Agametic

Agametic

For asexual (or asexual, or agamic, or vegetative, or agamic) reproduction we mean the process that allows the formation of a new organism starting from another organism that is unicellular or multicellular.
The agamic reproduction of the Eukaryotes is essentially based on the process of mitosis that produces descendants identical to the individual of origin. In the Procarioti, agamic reproduction occurs only by splitting, which always produces identical individuals from the start but with a simplified process compared to mitosis.
Agamic reproduction can be obtained in various ways:
By splitting; when the generating individual produces individuals who are absolutely identical to each other and to the generative, through the division of his body. It can be divided into two identical parts of the cell and in this case we talk about binary splitting (as in bacteria, protists and some platelminates); or you can have multiple splitting with the formation of numerous individuals, thanks to a single reproductive phenomenon (as in the annelids, cnidarians, apicomplexa).

 

By budding or paratomy; this process occurs with the formation of lateral gems that emerge from the wall of the individual; in this case the gems are separated definitively giving life to new organisms or remain united with the parent forming a colony. This type of agamic reproduction is widespread among sessile organisms. There is also budding when a normal cleavage produces two daughter cells of different sizes and not equally divided cytoplasmic contents.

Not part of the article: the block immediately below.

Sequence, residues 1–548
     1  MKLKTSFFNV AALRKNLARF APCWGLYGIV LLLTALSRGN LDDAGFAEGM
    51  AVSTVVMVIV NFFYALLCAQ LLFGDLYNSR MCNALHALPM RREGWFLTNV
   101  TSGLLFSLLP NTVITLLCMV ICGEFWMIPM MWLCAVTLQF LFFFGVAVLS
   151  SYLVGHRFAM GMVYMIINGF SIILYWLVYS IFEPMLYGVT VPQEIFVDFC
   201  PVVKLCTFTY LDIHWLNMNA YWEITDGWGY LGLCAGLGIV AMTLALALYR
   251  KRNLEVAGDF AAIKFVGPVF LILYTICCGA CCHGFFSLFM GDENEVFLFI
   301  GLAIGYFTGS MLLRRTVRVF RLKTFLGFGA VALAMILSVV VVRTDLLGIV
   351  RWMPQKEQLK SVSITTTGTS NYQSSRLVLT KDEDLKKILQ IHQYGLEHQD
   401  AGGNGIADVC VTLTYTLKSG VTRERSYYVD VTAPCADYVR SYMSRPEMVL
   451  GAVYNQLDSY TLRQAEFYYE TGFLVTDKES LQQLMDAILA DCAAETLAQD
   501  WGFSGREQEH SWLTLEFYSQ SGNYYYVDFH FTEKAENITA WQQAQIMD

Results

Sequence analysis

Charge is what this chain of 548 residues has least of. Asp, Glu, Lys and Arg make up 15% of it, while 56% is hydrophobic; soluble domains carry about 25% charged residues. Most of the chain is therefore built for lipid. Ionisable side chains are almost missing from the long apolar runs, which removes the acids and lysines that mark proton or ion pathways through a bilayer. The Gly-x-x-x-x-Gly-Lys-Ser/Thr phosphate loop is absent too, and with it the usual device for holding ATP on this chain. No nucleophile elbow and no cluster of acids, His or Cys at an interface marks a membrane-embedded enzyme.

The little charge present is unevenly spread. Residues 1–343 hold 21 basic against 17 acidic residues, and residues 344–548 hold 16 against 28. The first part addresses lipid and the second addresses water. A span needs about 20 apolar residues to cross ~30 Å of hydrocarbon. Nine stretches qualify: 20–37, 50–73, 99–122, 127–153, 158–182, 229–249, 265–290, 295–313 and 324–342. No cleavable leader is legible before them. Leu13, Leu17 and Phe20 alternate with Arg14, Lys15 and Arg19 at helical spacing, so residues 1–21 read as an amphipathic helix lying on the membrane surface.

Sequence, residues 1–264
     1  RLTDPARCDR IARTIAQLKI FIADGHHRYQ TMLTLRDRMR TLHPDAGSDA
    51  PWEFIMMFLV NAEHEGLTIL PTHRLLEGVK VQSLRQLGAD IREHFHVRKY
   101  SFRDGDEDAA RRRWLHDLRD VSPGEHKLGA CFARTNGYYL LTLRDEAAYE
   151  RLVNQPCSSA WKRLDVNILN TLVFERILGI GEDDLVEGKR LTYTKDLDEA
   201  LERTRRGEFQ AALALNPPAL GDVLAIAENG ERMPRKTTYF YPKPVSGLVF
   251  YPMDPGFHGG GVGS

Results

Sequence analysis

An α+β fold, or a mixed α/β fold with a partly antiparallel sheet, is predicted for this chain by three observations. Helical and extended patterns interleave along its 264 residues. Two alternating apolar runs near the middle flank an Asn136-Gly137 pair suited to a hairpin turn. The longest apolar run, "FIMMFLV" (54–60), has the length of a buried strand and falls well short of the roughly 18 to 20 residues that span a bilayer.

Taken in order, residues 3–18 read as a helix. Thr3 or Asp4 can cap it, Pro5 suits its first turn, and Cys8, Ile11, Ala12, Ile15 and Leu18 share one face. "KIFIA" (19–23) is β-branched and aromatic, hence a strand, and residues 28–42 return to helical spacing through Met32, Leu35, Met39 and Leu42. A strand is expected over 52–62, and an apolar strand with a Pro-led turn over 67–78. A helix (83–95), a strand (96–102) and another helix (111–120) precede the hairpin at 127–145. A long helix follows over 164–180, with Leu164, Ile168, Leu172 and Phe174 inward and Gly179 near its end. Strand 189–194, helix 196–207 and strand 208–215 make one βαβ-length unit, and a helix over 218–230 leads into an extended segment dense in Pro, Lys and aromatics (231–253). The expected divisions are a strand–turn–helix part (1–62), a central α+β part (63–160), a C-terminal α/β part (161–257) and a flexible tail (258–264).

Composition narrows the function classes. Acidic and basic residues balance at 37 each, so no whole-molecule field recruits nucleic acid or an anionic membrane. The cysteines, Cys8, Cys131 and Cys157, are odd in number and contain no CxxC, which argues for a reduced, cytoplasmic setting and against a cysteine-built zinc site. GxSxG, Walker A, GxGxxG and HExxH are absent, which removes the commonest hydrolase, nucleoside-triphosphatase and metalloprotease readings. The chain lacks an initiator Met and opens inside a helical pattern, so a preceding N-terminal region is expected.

By fragmentation or architomia; this process occurs when a part of the organism that separates forms a complete individual, and unlike gemmation, there is a reorganization of the detached part being this only a fragment, and not a real gem. Agamic reproduction by fragmentation occurs, for example, in the liliaceae bulbs that produce lateral bulbs. There is a particular form of fragmentation in some actinias with a process called pedal laceration; this process is characterized by the loss of the animal’s foot cells abandoned on the substratum, which multiply and generate complete individuals.
It is not a process of fragmentation, instead, the autotomy, which occurs with the active or passive self-amputation of parts of the body as in the lizards that lose their tails to distract the predator.
With asexual or agamic reproduction there are advantages and disadvantages. The advantages are due to the fact that there is a production of descendants much greater than with sexual reproduction.
The disadvantage is represented by the formation of populations with zero or very low genetic variability. In this case under conditions of radical changes within the ecosystem, the population easily risks extinction.

Guido Bissanti




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